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Transcript on Moussaoui mitigating factors

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Zacarias Moussaoui

ALEXANDRIA, Virginia (CNN) -- The following is a partial statement read Wednesday by court spokesman Edward Adams regarding 23 mitigating factors considered by jurors in the sentencing trial of admitted al Qaeda conspirator Zacarias Moussaoui:

Defense counsel put before the jury 23 mitigating factors. For the jury to consider a mitigating factor, it had to be proven by a preponderance of the evidence, which is the lower standard than "beyond a reasonable doubt," which was used on the aggravating factors.

Also, the jury need not unanimously find that the mitigating factor had been proven. If only one or more jurors found the factor had been proven, they could consider it when determining the sentence. (Watch the rest of statement explaining the verdict -- 9:45)

These are the findings on the 23 mitigating factors. For each, the jury reports the number of jurors who so found it proven.

  • Five jurors found that if he is not sentenced to death, the defendant will be incarcerated in prison for the rest of his life without the possibility of release.
  • One juror found that the defendant has maintained a nonviolent record for the past four years while incarcerated in the Alexandria detention center with minimal rules violations.
  • One juror found that the Federal Bureau of Prisons has the authority and ability to maintain the defendant under highly secure conditions.
  • Three jurors found that, given his conduct and the likely conditions of his maximum security confinement, the defendant will not present a substantial risk to prison officials or other inmates if he is sentenced to life in prison without the possibility of release.
  • No jurors found that a sentence of life in prison without the possibility of release under strict conditions the Bureau of Prisons is likely to impose will be a more severe punishment for the defendant than a sentence of death.
  • No jurors found that the defendant believes that his execution will be part of his jihad and will provide him with the rewards attendant to a martyr's death.
  • No jurors found that the execution of the defendant will create a martyr for radical Muslim fundamentalists and to al Qaeda in particular.
  • Nine jurors found that the defendant's unstable early childhood and dysfunctional family resulted in his being placed in orphanages and having a home life without structure and emotional and financial support, eventually resulting in his leaving home due to his hostile relationship with his mother.
  • Nine jurors found the defendant's father had a violent temper and physically and emotionally abused his family.
  • Two jurors found the defendant's father abandoned him and his siblings, leaving his mother to support and raise their children on her own.
  • Three jurors found that the defendant was subject to racism as a youngster because of his Moroccan background, which affected him deeply.
  • No jurors found the defendant's mother had a violent uncle or men unrelated to the family living in the home with the family.
  • Four jurors found the defendant's two sisters and his father all suffered from psychotic illnesses.
  • No jurors found that, even though the defendant arrived in England with no money and lived in a homeless shelter, he endured the hardship and through perseverance graduated with a master's degree from South Bank University.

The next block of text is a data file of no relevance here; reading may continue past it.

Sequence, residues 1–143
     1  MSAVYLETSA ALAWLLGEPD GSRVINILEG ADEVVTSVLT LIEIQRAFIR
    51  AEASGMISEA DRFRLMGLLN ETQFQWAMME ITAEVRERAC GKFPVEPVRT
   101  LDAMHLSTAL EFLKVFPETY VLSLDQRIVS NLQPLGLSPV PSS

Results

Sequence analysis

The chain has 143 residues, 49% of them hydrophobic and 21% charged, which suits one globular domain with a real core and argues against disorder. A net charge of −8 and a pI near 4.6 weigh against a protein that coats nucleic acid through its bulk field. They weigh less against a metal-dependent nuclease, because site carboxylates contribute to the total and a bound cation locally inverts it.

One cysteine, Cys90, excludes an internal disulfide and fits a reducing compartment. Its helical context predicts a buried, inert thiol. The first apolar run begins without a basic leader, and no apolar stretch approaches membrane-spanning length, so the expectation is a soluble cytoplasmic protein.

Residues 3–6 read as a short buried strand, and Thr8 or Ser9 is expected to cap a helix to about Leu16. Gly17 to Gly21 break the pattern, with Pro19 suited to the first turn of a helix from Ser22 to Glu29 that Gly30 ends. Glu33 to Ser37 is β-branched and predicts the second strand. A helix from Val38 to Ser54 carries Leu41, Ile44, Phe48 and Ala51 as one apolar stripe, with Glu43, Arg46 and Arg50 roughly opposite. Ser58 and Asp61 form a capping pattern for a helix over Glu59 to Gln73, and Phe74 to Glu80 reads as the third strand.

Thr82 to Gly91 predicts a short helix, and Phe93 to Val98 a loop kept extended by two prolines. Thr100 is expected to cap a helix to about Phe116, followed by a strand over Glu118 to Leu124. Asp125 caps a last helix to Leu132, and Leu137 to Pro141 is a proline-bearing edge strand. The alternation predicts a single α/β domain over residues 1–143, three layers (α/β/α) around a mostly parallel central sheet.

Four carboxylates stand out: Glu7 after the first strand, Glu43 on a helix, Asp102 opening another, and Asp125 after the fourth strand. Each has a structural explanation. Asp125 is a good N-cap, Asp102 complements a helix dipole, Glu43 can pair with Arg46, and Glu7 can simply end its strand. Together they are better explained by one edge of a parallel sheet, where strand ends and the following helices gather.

• No jurors found that the defendant's mother's failure to provide her children with any meaningful religious training or practice left the defendant without theological or intellectual basis to resist the preachings and propaganda of radical Muslim fundamentalists in London who provided him with a sense of group identity he never had.
  • No jurors found the defendant suffers from a psychotic disorder, most likely schizophrenia, paranoid subtype.
  • No jurors found the defendant's role in al Qaeda while in Afghanistan was as a security clerk at a guest house and as a driver for persons staying at the guest house.
  • No jurors found the defendant's testimony about his plan to fly a plane into the White House is unreliable and is contradicted by his statements about other plots he was involved in.
  • Three jurors found that the defendant's role in the 9/11 operation, if any, was minor.
  • One juror found that the defendant was incarcerated on the day of the 9/11 attacks.
  • No jurors found the defendant was an ineffectual al Qaeda operative.
  • No jurors found that other persons who were equally culpable in the offense, whether indicted or not, will not be punished by death and/or have not been subject of capital prosecution.
  • No jurors found that other factors in the background or character of the defendant suggests that life without the possibility of release is the most appropriate punishment.
  • Under the law, the jurors may also write in mitigating factors they believe have been proven by the evidence but were not suggested to them by defense counsel.

    On count one, the jurors wrote in one such factor. They wrote that the defendant had limited knowledge of the 9/11 attack plans. Three jurors found that mitigating factor to have been proven.

    The jury's recommendation of a sentence of life in prison without the possibility of release is binding on the judge, who will sentence the defendant at 10 a.m. tomorrow. [Thursday]

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